European leaders yesterday signaled that they were in no rush to lift an arms embargo on China and could tie it to improvements in human rights, amid criticism that the move would destabilize East Asia.
Chinese Foreign Minister Li Zhaoxing (
But European leaders meeting with him said it was uncertain the embargo would be lifted as China had hoped under Luxembourg's presidency of the 25-nation bloc, which ends on June 30.
"We have still more than one month and a half. I don't know if we can lift or we are not able to lift," Luxembourgian Foreign Minister Jean Asselborn told reporters after talks with Li.
Speaking later after talks with his Japanese counterpart, Nobutaka Machimura, who reiterated Tokyo's opposition to ending the ban, Asselborn said a decision could come when emotions "are not so strong."
"We do not want to offend our friends in the region or to destabilize any region in the world," he said.
He said the EU could draft "an advanced code of conducts" in exchange for resuming weapons sales.
"People have to know that lifting the embargo does not mean it will be replaced by nothing," Asselborn said.
"Human rights can be included in the code of conduct," he said.
Asselborn acknowledged, however, that China's passage of a law last month authorizing military force to stop Taiwan from pursuing independence "was not very helpful."
China has lobbied for the embargo to be lifted before the rotating EU presidency shifts in July to Britain, which is seen as less enthusiastic about the idea.
Margherita Boniver, Italy's minister of state for foreign affairs, said no dates were mentioned during her meeting with Li.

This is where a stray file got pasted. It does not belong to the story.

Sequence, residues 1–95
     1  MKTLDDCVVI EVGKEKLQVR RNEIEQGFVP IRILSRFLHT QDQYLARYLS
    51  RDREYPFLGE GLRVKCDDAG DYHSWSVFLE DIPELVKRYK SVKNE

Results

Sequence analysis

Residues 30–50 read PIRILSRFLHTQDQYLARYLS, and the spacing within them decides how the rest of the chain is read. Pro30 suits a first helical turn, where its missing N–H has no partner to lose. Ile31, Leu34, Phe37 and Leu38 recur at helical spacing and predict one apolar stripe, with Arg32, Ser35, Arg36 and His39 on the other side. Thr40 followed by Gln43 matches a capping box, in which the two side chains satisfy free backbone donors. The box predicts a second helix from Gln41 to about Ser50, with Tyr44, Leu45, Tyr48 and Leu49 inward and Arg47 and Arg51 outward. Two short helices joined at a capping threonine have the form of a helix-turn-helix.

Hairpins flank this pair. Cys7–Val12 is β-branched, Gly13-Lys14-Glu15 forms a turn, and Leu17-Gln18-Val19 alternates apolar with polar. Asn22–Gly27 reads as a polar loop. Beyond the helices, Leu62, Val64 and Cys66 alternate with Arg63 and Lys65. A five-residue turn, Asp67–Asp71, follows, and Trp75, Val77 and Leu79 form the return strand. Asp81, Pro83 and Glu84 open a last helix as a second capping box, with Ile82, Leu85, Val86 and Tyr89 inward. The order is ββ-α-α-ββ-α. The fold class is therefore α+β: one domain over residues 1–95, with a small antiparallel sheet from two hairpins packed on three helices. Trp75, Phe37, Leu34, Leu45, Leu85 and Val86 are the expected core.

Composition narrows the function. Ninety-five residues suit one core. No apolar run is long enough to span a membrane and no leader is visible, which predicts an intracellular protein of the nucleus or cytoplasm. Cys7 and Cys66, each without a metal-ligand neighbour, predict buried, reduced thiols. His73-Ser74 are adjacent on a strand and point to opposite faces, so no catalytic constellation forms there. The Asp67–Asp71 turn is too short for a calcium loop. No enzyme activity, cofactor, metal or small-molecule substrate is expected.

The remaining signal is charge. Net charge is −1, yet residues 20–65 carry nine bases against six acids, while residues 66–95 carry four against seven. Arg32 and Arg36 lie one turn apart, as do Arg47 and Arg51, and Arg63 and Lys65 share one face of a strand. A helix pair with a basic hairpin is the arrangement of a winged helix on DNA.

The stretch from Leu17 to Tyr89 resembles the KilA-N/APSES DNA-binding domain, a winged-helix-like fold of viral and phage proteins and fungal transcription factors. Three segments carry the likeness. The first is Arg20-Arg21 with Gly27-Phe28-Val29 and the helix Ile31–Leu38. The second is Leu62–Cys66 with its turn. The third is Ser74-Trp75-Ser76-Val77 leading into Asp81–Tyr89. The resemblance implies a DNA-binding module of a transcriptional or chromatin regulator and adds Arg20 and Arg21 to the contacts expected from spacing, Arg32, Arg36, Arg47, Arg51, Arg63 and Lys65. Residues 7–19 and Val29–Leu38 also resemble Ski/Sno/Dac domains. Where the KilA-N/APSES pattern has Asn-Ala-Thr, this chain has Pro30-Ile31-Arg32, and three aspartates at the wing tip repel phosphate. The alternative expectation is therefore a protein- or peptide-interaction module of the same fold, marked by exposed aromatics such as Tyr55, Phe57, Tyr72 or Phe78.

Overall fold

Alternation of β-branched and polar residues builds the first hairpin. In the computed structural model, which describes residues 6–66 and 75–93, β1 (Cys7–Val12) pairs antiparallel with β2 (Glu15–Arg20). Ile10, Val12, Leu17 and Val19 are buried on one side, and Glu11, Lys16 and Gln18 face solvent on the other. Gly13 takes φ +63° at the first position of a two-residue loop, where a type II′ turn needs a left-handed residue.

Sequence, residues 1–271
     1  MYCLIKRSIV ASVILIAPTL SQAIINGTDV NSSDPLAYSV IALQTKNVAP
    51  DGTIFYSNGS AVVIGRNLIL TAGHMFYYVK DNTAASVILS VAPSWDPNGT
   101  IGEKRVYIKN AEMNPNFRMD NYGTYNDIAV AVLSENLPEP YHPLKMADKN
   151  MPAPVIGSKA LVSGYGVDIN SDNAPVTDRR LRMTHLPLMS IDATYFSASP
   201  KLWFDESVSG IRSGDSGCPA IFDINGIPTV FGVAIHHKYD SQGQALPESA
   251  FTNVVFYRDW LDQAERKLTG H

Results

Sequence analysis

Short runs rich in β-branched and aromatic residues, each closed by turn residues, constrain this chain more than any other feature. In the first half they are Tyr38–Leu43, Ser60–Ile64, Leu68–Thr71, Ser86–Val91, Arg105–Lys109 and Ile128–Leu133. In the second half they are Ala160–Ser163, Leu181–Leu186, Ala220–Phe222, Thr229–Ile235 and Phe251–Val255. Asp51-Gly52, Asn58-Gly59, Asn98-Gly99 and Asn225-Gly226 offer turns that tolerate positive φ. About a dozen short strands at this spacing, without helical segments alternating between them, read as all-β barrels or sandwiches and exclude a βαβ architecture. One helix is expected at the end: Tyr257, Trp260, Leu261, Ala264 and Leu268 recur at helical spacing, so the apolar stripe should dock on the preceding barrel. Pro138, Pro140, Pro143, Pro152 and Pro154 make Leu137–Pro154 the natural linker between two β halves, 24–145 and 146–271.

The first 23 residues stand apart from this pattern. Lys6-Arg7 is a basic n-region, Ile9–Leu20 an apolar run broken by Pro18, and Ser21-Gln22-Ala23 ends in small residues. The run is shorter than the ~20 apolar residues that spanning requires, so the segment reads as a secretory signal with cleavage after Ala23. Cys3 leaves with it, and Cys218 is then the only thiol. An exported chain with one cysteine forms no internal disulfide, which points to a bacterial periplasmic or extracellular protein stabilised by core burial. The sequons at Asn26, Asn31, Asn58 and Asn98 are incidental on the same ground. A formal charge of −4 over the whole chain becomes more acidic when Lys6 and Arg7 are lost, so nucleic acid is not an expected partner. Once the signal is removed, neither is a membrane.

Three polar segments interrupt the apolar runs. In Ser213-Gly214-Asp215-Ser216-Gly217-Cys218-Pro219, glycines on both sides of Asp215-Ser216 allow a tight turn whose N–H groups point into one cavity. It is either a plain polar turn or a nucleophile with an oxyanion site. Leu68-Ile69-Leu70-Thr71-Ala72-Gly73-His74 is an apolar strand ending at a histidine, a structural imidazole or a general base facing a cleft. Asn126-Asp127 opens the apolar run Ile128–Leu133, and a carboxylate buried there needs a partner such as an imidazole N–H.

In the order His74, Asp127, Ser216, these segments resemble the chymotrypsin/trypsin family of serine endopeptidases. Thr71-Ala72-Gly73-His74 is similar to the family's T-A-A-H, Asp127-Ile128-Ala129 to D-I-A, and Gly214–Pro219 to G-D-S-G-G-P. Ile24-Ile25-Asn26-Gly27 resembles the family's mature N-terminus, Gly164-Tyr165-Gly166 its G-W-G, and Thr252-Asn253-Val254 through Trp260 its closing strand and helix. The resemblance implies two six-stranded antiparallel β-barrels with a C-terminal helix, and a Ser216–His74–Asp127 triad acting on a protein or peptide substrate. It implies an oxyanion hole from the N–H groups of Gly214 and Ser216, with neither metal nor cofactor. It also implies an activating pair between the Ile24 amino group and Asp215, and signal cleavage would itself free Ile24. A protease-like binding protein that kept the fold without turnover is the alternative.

"Dates were not discussed. They didn't mention any dates," she said. "I don't think there's a set date for that at all."
France has been the prime supporter of lifting the ban, saying the move would be primarily symbolic and recognize China's growing global clout.
The US is not part of the Asia-Europe Meeting, which was founded in 1996 as a way to increase dialogue between the regions away from Washington's strong influence.
The meeting came as North Korea defies the world by refusing to rejoin dialogue aimed at convincing Pyongyang to scrap its nuclear weapons drive, and South Korea asked for China to play a "more proactive role."
The Kyoto meeting will also provide a chance for China and South Korea to hold talks with Japan on deteriorating relations.
China and South Korea, which suffered brutal occupations by Japan up to 1945, accuse Tokyo of whitewashing its World War II atrocities through the approval last month of a nationalist textbook.
Beijing is opposed to Tokyo's bid for a permanent seat on the UN Security Council, and Li said he discussed UN reform with his European and South Korean counterparts.
On Monday, Japanese Prime Minister Junichiro Koizumi, on a visit to Luxembourg, warned that lifting the weapons ban could jeopardize stability in East Asia.
The EU has so far not reached a consensus on the issue due to opposition from members including Britain, the Netherlands and Sweden, who want Beijing to improve human rights and peacefully resolve its conflict with Taiwan.
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